the 1970s, when the unknown provincial chef
first applied the principles of French nouvelle
cuisine to the traditions of Basque cookery.
Arzak reduces dishes to their essential flavors,
then plates them with unfussy but witty theater.
Now working with his daughter Elena, Arzak
continues to experiment with new twists on
familiar foods – his “perfect egg” dishes are
legendary among Spanish chefs – without
sacrificing the integrity of the ingredients or
the surprise of the presentation. Most diners
opt for the astonishing tasting menu, which
allows the broadest experience of Arzak’s
creative and experimental approach. It begins
with a half-dozen or so small dishes, explodes
into three to four “main” dishes built around
meat or fish, and then segues into a series
of sweet and delicious surprises.

Avenida Alcalde José Elosequi 273, San Sebastián;
open for lunch Tue–Fri, dinner Tue–Sat;

Also in San Sebastián

Pedro Subijana is the master magician of
Akelare (www.relaischateaux.com;
expensive), where mountainside views of the
Bay of Biscay match his culinary sleight of hand.
Martín Berasategui crafts a roller coaster of
flavor surprises at his flagship Berasategui
(www.martinberasategui.com; expensive)
while offering an affordable sampling of his
free-form imagination at Restaurante Kursaal
(+34 943 003 162; moderate).

Also in Spain

In Madrid, diners greet dishes at Villa Magna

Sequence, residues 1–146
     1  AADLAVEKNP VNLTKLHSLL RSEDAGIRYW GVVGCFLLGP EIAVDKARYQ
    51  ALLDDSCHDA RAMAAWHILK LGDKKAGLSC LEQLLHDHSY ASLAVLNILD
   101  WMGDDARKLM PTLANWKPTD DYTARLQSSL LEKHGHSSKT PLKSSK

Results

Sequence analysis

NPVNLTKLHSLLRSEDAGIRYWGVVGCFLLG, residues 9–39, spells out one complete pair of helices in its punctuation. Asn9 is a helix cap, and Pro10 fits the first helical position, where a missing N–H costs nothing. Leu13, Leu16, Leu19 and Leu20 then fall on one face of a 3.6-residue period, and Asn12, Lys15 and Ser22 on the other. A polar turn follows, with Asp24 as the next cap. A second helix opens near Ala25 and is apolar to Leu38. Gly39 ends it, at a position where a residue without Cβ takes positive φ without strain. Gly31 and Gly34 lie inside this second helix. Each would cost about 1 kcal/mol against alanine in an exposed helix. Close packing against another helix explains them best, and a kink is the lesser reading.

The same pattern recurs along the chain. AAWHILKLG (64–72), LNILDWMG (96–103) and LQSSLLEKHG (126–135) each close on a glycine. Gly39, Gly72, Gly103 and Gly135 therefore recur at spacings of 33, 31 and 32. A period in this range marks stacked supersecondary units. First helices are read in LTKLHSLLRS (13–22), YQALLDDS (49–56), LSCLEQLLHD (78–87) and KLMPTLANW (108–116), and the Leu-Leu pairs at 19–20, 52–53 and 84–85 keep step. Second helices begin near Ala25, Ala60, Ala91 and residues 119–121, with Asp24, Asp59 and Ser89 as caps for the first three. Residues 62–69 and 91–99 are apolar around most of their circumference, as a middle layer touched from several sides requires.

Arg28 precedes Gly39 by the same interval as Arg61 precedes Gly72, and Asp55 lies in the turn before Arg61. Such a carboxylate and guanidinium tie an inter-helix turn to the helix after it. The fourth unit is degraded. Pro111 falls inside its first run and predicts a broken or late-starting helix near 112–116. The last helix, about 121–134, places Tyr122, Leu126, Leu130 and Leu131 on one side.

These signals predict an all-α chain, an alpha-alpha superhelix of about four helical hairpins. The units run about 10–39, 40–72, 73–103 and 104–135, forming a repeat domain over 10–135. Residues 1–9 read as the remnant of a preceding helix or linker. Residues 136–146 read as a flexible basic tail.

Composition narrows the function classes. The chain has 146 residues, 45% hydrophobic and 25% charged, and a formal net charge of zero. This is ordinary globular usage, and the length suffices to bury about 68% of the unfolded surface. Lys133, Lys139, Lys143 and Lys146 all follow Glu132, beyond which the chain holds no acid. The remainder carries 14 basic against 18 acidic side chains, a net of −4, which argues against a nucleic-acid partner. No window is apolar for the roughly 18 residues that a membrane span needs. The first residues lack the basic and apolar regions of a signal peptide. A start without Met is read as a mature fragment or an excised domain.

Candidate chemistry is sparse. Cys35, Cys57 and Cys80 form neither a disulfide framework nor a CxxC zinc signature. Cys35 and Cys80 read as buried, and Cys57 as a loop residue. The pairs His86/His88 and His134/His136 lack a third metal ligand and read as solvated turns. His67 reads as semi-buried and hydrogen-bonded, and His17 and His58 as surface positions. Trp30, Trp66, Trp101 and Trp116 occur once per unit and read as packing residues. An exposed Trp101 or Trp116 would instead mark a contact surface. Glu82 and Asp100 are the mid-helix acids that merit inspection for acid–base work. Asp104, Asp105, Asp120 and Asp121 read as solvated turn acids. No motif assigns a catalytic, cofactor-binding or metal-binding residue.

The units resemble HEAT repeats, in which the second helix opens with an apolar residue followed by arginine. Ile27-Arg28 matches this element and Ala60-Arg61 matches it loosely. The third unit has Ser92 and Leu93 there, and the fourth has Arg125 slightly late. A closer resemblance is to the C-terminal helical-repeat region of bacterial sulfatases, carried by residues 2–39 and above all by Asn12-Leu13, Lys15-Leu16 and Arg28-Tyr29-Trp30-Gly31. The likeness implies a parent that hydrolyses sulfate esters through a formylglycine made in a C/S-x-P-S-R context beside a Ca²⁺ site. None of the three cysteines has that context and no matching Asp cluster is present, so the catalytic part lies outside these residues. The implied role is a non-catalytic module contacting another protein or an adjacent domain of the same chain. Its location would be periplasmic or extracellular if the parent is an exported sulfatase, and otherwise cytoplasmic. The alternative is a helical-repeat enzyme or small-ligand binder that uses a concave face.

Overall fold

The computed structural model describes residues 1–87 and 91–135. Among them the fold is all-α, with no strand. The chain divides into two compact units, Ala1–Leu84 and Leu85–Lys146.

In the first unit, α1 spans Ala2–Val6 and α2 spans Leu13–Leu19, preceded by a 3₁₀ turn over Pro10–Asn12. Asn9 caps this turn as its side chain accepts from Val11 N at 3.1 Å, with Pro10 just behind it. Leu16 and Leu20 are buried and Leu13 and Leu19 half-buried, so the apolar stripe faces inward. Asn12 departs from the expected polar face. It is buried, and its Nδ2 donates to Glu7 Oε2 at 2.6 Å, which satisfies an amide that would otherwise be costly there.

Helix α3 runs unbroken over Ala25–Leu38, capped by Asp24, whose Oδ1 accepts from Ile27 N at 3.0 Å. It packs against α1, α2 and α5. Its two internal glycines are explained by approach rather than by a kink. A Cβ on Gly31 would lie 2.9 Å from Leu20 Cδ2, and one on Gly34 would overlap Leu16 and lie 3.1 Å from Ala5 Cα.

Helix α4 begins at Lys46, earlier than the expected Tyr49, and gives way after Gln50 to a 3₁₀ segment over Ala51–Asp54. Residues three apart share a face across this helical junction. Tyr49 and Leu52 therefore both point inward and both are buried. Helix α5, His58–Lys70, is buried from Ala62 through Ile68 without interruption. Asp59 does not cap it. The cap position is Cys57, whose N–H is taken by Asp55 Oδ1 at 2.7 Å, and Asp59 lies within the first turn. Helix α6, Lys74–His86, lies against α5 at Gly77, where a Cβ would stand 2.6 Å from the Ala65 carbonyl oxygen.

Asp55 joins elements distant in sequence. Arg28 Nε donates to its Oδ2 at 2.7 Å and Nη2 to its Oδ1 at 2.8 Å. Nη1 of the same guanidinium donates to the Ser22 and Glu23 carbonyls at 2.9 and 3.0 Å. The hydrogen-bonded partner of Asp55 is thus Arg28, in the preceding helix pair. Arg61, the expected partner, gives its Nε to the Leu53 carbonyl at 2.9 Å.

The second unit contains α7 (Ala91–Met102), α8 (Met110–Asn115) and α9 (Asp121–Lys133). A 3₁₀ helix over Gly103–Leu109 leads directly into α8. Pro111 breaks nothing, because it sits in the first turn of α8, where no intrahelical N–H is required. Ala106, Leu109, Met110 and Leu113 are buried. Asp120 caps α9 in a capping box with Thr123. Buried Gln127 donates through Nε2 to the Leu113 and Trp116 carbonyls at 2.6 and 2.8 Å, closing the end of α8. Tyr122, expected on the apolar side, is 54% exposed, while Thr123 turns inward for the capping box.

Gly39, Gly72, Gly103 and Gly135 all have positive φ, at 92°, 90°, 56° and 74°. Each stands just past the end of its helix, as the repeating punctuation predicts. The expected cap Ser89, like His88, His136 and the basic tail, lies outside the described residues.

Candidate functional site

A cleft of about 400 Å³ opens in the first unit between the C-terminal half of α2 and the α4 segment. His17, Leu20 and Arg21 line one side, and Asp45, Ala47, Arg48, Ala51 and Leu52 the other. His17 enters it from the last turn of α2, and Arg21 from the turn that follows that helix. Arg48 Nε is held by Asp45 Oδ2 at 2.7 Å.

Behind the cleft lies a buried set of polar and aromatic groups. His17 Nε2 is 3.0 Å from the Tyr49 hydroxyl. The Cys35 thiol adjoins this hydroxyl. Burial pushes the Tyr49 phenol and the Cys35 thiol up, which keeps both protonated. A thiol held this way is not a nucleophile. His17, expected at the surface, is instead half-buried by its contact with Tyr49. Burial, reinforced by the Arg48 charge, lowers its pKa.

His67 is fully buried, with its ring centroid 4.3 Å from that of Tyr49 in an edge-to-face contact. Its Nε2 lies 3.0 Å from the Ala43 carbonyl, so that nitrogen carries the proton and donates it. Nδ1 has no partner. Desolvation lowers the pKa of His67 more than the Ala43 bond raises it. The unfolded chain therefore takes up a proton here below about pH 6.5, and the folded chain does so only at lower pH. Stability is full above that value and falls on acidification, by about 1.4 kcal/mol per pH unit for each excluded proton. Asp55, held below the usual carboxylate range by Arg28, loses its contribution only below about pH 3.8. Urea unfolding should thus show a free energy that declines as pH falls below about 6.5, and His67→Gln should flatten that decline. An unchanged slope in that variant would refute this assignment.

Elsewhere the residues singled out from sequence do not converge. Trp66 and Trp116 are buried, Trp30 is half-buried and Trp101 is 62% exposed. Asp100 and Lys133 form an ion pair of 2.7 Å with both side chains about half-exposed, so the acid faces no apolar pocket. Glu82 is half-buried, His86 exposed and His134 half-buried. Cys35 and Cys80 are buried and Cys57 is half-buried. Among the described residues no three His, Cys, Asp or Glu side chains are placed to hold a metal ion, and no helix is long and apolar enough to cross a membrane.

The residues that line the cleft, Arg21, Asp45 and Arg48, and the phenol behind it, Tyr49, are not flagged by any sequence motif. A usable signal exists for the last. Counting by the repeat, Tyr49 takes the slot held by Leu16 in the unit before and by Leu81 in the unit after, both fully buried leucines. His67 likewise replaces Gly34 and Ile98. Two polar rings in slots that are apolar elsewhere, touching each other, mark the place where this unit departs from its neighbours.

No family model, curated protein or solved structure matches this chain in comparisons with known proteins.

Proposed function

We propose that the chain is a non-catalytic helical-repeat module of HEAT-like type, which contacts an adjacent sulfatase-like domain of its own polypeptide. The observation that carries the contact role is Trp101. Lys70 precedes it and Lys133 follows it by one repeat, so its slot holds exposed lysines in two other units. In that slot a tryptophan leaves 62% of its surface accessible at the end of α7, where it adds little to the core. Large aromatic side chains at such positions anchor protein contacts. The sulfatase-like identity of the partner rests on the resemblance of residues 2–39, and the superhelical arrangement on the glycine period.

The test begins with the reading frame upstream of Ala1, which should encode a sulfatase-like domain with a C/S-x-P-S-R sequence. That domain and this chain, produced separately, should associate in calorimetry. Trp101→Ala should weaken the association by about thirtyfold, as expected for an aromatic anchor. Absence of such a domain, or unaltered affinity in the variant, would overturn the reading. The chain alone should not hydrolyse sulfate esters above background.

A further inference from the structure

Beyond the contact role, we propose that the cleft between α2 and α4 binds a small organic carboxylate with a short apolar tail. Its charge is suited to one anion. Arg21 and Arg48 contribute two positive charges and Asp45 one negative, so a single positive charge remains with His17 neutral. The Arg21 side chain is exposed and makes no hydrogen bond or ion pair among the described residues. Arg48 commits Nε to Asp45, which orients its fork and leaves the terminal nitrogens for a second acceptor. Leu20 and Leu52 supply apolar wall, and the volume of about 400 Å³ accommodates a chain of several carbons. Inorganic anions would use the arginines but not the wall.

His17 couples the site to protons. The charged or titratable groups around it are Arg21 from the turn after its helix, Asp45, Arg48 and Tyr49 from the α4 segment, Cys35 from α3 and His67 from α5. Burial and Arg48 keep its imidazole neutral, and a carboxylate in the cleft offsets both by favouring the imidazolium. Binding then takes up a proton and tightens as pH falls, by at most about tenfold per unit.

by Eneko Atxa (www.villamagna.es;
moderate) with either a hearty laugh or an
exclamation of delight. At Sergi Arola Gastro
(www.sergiarola.es; expensive), also in Madrid,
Catalan star chef Sergi Arola composes just a
few strong flavors per plate, cooking much like
fellow Catalan Joan Miró painted. Innovator
Ferran Adrià’s greatest hits form the menu at
Hacienda Benazuza (www.elbullihotel.com;
expensive), in Sanlúcar la Mayor, near Seville.

Around the World

Spanish-born and trained, José Andrés launched
a craze for Modern Spanish cuisine in the US.
His most theatrical and magical restaurant, The
Bazaar (www.thebazaar.com; moderate), in
Beverly Hills, California, won Esquire magazine’s
Restaurant of the Year award in 2009.

A Day in San Sebastián
In July and September the beautiful people flock to San Sebastián for,
respectively, the annual jazz and film festivals, but the decorous city
and beachside promenade are just as delightful when the paparazzi
and their targets have left town. Be sure to arrive hungry.

Explore the narrow streets of the Parte Vieja, or old
quarter, which was rebuilt on the medieval street plan after Napoleon
burned the city. At the harbor, explore the fishermen’s docks and visit
the Palacio del Mar, San Sebastián’s intriguing aquarium, focused on
the marine life of the Bay of Biscay.

Walk up the circular road around Monte Urgull to see
the 12th-century ruins of the Castillo de Santa Cruz de la Mota.
Then catch some sun on Playa de la Concha.

Ride the funicular to the summit of Monte Igueldo to
survey the city from this western headland. Then return to town for an
evening of bar-hopping to sample the city’s inventive pintxos (Basque
tapas) before winding up at a fine restaurant for dinner.

GETTING San Sebastián

San Sebastián Airport has domestic flights; the
international airports of Bilbao and Biarritz
are relatively close. The city can also be reached
by train on the TGV Paris–Madrid route, and
by bus from many European cities.

WHERE TO STAY In San Sebastián
Hotel Niza (inexpensive) offers airy rooms with
Playa de la Concha views. www.hotelniza.com
Hotel de Londres y de Inglaterra (moderate) is
a restored belle époque resort hotel with
traditional furnishings. www.hlondres.com
Hotel María Cristina (expensive) is San
Sebastián’s most palatial hotel, with luxurious
appointments in even the simplest rooms.

Boulevard 8; www.sansebastianturismo.com